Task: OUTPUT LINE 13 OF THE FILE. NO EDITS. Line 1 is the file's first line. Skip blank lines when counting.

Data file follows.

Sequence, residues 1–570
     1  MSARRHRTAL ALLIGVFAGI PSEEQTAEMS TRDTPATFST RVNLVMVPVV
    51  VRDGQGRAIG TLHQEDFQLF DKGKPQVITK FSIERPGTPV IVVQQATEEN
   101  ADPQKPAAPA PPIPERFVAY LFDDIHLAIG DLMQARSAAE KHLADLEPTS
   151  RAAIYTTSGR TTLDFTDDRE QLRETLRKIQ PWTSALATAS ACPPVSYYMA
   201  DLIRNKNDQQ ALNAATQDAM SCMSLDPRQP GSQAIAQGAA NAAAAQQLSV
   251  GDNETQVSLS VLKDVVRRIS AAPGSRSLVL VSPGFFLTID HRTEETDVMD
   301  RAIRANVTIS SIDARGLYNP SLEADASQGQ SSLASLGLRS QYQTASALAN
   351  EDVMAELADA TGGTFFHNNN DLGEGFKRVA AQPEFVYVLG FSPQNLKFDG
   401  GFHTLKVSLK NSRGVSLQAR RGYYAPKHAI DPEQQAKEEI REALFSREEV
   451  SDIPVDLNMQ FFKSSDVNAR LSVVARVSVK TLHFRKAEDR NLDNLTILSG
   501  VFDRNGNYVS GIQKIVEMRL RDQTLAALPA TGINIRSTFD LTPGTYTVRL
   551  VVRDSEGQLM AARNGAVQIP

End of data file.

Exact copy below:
   551  VVRDSEGQLM AARNGAVQIP